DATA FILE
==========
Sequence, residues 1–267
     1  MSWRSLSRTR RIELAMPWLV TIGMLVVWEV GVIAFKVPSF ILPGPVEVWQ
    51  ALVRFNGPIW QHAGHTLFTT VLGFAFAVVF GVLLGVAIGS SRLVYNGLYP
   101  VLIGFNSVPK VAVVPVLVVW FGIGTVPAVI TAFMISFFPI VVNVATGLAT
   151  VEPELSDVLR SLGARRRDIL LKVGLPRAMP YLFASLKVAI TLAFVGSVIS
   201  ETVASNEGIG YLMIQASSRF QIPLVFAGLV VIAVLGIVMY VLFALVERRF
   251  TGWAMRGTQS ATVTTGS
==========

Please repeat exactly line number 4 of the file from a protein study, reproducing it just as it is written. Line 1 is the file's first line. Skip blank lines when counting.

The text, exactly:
   101  VLIGFNSVPK VAVVPVLVVW FGIGTVPAVI TAFMISFFPI VVNVATGLAT